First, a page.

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As the student protesters have pointed out, the vouchers fail to cover an estimated 20 percent of school costs, and many families must pitch in to fill the gap.

Student leaders have denounced the system as a cornerstone of social inequality in a country with one of the widest income gaps in Latin America, and they are demanding a return to the old system of free public universities.

That would mean raising taxes on the rich to subsidize widespread free education, the students say.

Perhaps the biggest losers in the battle are the public high schools, routinely of poor quality because their government funding does not begin to meet their needs, the protesters say.

Mr. Pinera has said that an ideal structure “is a mixed system, in which there is private education and public education.”

“What we have said is that [a university] education will be free for all young people who can’t pay for it, but those who can pay for it should make an effort to do so,” Mr. Pinera said last month.

Mr. Pinera has proposed ensuring a free university education to 40 percent of Chile’s poorest families, who earn less than about $500 a month, an offer that eventually would increase to 60 percent.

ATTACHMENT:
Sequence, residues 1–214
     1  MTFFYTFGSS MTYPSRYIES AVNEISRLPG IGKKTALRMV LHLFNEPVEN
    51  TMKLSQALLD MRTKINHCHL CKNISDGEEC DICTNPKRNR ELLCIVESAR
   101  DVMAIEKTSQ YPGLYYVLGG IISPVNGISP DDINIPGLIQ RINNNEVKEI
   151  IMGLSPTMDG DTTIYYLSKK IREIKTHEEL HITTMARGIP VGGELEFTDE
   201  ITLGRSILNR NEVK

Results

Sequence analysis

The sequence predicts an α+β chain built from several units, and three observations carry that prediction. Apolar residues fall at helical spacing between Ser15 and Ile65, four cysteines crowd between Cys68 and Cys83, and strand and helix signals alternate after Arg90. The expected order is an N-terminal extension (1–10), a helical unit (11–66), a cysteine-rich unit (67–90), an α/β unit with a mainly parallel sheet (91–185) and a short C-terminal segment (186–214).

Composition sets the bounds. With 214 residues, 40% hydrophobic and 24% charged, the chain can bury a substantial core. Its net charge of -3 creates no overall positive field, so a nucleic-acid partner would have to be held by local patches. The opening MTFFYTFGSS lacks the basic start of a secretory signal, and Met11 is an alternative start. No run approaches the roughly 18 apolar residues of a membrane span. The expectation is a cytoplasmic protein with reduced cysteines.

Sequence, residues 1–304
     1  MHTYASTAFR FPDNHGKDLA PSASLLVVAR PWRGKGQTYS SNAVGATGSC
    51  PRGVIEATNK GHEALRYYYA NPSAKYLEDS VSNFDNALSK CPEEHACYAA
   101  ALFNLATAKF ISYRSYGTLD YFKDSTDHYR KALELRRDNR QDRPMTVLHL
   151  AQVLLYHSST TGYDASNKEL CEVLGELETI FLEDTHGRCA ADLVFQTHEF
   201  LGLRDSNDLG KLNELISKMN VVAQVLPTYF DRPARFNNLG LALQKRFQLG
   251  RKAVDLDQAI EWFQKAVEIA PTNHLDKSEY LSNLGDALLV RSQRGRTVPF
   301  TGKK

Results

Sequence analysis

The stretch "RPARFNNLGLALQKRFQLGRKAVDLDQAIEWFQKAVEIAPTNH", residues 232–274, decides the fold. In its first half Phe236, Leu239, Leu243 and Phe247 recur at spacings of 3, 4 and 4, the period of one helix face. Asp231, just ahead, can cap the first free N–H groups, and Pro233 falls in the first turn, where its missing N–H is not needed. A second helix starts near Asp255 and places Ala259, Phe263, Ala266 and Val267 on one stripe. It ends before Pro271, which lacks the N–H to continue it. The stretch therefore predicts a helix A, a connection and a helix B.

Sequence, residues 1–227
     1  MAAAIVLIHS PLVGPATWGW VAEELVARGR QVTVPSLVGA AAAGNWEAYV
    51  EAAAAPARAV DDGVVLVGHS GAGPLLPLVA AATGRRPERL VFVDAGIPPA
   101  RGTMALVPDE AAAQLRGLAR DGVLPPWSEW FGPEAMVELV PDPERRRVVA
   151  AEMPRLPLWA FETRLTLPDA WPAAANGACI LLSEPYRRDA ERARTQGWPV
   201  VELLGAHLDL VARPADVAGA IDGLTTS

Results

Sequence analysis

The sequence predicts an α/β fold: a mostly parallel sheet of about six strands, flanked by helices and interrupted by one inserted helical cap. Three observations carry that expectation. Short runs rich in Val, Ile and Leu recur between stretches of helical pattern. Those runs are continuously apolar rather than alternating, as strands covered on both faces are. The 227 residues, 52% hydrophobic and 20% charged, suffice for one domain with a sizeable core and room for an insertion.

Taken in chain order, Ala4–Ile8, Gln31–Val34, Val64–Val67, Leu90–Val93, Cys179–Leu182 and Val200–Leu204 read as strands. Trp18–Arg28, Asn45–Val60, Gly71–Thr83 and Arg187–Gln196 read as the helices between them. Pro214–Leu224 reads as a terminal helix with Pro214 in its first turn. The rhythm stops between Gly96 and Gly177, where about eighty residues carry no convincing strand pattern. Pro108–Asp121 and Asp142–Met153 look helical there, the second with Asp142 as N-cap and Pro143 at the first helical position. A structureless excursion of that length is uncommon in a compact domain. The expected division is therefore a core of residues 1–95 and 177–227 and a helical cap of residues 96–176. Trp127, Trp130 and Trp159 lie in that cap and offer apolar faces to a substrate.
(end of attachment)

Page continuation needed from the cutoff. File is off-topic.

Chilean education specialist Patricio Meller argues that doing away with private universities won’t halt the soaring cost of tuition, which is hitting all institutions as enrollment rises.

As long as schools set their own rates, costs will continue to grow, Mr. Meller said in a recent newspaper interview.

“All the problems, in their origin, lie in the market,” he said. “If for-profit universities are closed, this isn’t going to stop the accelerated increase in tuition. This isn’t going to increase student credit. This isn’t going to decrease the cost of credit. … The university students have confused profit with the market.”

After playing defense for months, Mr. Pinera recently has taken a harder stand toward the protesters, including pushing a law to penalize anyone who incites rioting or acts of violence such as the occupation of schools or university campuses.

Chile has seen more than 40 student marches, many of them resulting in vandalism and violence, since the movement began.

Still, support for the students remains high among Chileans: 67 percent last month compared to 79 percent in September.

While admitting disappointment, the students point out the modest gains they have made.

Interest rates on university student loans have been reduced from 6 percent to 2 percent; Congress has discussed refinancing debt for 110,000 people behind in their payments; and opposition lawmakers have promised they won’t reach any backroom deals with the government, Miss Vallejo said.

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